That tale picks up with Possibly in Michigan. If Beneath the Skin is a fractured confession, Possibly… is an all-out reckoning. Skladany’s throaty opening lyric makes this clear: “I bite at the hands that feeds me, slap at the face that eats me.” The video acts as a corrective to stories that strip women of agency in the fight for their lives. Sharon is introduced not as a victim, but rather as a femme fatale. As the narrator (once again, Condit herself) explains, “Sharon attracted violent men. Strangely, she had a way of making the violence seem like it was their idea.” While Condit lost her sense of smell in real life——a sense associated with animalistic instinct——all the characters in Possibly possess keen olfaction. Arthur’s sense of smell becomes predatory, whereas aroma becomes nostalgic for Sharon and Janice. At a perfume counter, they reminisce about the scent of “mother’s crazy sister Kate,” who microwaved her poodle. (Condit lifted this detail from a newspaper article.) “She couldn’t have been that crazy!” they reason. Later, the video intercuts the dramatic confrontation between Sharon and Prince Charming with footage of the same actress from Beneath the Skin. The images are looped and rewound, suggesting a reincarnation of the previous video’s fatality. The video’s irreverent conclusion, celebrating the women as nudist cannibals, displaces the central concern from the threat of male violence. No longer are Sharon and Janice fretting over their sex appeal, as they did in the mall, where Sharon lamented, after remembering a past rendezvous with a killer, “Now only dogs will follow me!” And asked, a beat later: “Is he following?”
At the time of its making, this playful indifference to men’s approval riled up conservative political forces. Baptist minister Pat Robertson showed clips from Possibly in Michigan on The 700 Club in 1984, substituting its soundtrack with poetry by a gay male author. He railed against the National Endowment of the Arts’s support for the video’s lesbian and “anti-male” content. The antagonism only fueled the artist’s fire——she has produced more than fifteen videos in the decades since about women’s experiences, with topics ranging from aging to nature’s mysteries to reproductive rights. Based in Wisconsin without New York gallery representation, her work attracted a kind of cultish following among the art set.
In the past five years, however, Condit’s work has found a new, widespread audience, thanks to the star-making system of social media. A YouTube clip from Possibly in Michigan went viral after posted on Reddit’s r/creepy forum in 2015. In 2019, a seventeen-year-old posted audio from the film’s soundtrack on the lip-synching platform TikTok, where it found an enthusiastic audience of amateur Gen Z performers. As of this writing, the TikTok hashtag #PossiblyInMichigan has garnered eighteen million views. The video’s full-length version, on Condit’s YouTube channel, has racked up over two million views.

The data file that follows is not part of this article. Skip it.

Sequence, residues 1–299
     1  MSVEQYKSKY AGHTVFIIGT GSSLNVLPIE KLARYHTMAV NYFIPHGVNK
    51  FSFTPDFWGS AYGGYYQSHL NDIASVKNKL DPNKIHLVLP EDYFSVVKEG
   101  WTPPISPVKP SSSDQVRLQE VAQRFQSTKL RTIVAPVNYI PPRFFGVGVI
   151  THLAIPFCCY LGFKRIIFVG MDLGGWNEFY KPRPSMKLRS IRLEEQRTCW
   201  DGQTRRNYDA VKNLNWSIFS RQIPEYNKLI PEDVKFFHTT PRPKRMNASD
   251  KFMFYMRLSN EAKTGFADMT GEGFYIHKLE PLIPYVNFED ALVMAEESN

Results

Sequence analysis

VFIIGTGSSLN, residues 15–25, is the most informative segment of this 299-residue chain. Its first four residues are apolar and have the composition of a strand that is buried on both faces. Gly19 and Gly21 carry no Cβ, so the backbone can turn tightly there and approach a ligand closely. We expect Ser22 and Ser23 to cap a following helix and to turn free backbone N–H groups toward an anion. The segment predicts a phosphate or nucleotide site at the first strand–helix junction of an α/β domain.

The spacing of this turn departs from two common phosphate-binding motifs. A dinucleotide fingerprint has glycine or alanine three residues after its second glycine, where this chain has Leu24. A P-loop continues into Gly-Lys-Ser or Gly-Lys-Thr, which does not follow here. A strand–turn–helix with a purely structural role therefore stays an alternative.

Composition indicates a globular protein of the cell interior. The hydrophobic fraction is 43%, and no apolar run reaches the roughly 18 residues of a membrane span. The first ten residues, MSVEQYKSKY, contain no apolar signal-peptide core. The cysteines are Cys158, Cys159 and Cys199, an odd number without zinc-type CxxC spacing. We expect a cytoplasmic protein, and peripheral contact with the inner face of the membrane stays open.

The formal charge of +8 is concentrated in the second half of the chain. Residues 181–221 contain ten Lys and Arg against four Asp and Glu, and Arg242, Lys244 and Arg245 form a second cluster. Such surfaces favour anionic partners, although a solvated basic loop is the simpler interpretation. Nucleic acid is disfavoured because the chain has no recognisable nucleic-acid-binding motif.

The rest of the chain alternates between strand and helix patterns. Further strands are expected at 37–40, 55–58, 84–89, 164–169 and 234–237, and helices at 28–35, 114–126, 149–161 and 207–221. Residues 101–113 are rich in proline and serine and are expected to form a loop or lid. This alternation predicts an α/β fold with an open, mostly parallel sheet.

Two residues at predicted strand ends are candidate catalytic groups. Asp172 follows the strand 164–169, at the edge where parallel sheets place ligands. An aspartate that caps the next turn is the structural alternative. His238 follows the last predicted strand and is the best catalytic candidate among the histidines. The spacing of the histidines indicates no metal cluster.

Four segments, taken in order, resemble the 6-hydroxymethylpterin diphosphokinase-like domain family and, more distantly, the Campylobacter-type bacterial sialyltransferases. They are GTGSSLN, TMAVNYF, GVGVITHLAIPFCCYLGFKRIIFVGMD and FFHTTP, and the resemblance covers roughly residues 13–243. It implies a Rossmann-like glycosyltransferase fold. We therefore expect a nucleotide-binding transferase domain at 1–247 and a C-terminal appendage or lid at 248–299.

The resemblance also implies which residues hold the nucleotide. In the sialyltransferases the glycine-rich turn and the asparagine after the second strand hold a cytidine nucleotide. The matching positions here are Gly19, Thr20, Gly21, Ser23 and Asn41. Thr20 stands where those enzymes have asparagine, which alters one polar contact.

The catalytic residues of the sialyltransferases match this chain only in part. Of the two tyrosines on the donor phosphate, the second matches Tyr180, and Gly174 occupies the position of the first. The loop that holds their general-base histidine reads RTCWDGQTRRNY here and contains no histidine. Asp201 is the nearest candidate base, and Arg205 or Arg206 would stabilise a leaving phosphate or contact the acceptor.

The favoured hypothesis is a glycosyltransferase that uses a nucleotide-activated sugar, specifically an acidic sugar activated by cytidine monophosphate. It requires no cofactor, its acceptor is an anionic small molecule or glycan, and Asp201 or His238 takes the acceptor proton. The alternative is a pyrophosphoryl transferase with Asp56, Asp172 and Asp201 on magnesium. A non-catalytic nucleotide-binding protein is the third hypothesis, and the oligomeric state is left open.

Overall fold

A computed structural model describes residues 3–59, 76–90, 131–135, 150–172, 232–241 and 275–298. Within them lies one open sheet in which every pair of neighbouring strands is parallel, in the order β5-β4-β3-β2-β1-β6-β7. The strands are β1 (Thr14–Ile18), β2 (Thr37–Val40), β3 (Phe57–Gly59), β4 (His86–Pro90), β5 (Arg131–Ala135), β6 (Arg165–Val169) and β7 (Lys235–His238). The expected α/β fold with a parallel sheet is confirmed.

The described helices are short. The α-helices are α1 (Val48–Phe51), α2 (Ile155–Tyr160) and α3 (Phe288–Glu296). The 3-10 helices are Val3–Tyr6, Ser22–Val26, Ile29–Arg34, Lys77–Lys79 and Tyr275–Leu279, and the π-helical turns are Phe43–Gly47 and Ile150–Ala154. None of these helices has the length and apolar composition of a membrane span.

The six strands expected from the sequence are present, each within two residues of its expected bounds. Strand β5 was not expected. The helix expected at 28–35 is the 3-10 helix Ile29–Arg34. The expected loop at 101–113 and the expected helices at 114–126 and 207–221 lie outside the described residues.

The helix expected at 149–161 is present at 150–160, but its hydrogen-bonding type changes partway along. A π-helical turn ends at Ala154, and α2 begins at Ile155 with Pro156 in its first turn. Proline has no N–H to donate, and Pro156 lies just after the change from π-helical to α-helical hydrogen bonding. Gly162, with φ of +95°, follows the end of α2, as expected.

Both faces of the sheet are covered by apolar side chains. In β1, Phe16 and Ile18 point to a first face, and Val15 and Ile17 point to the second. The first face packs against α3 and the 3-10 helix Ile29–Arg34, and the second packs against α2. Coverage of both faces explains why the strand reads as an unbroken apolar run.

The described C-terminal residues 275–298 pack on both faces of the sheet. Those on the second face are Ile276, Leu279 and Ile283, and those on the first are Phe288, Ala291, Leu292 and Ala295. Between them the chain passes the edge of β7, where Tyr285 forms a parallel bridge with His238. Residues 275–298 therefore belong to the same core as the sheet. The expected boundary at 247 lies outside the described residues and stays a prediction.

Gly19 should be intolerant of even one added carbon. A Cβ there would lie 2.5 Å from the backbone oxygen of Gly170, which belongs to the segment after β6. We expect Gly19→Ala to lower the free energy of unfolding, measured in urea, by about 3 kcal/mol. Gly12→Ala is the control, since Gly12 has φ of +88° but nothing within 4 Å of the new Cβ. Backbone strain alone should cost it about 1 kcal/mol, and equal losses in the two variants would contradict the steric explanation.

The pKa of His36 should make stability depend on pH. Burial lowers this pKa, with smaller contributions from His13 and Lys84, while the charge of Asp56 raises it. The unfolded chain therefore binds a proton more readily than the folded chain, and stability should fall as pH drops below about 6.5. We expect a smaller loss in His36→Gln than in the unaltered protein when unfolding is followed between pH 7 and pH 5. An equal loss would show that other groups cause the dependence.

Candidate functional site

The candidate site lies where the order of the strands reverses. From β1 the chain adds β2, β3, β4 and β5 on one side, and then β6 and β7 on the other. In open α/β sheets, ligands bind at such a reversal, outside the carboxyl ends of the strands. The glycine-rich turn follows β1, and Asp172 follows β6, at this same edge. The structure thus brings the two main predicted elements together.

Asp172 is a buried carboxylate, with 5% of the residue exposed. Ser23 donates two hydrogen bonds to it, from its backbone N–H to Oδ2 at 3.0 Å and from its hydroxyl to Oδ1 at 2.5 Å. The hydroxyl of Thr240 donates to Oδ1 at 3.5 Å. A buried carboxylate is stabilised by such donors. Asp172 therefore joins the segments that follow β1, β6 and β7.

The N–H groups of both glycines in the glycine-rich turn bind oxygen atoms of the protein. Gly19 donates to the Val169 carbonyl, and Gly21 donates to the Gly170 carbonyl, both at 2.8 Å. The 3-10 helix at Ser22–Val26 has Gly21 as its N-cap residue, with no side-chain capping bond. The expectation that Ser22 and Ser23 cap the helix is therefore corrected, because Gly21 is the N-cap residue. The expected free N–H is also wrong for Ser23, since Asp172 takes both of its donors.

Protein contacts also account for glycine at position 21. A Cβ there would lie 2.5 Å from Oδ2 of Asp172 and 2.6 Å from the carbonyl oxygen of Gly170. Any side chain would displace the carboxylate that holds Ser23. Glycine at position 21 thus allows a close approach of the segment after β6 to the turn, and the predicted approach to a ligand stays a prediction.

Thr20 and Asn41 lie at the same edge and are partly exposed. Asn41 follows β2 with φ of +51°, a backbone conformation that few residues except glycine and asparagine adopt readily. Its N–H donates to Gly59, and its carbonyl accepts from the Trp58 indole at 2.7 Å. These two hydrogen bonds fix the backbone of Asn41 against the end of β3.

The artist, now seventy-two, has been amazed by the enthusiasm over her video from kids young enough to be her grandchildren. Critics have also parsed Condit’s newfound appeal. In T magazine last year, John Chiaverina traced the similarities between her videos and the humor of popular shows such as “Tim and Eric Awesome Show, Great Job!”1, which traffic in nostalgia for media artifacts like cable-access television. Writer Orit Gat, for Frieze, posits Condit’s feminist politics as a way for teens to transgress the gendered expectations of social media use: “The darkness that remains [in Condit’s work] is a way for some teenagers to participate in an app full of their peers performing their sexuality in song and dance, while they maintain a sense of individuality.” Gat likens these teen performers to decades-old outsider characters like Winona Ryder in Heathers, or Ally Sheedy in The Breakfast Club ——“with terrifying makeup and possibly a clown costume on.”2 This analysis reaches to the heart of Condit’s practice, in her fundamental wish to rewrite the world from an outsider’s point of view.
Condit’s most recent video, I’ve Been Afraid (2020), brings her practice full circle, exorcising her demons from the time she was in the womb . It opens in typical fashion, with a juicy hook in the voiceover: “Mother said my twin brother kicked me so hard that I was raw. Then he was born. Then I had other things to be afraid of.” Singing in her own voice as a MeMoji, autotuned and set to a thumping bass, the artist lays out a litany of fears, of animals, men, even herself: “I’ve been afraid of what you might do. I’ve been afraid that I might kill you!” Against an animated tapestry of horrors, Jill Sands’s figure from Beneath the Skin appears, resurrected once more, to reclaim her narrative in an age disillusioned with white patriarchal power. The chorus is triumphant: “I’m not afraid of you anymore.”DOWNLOAD PDF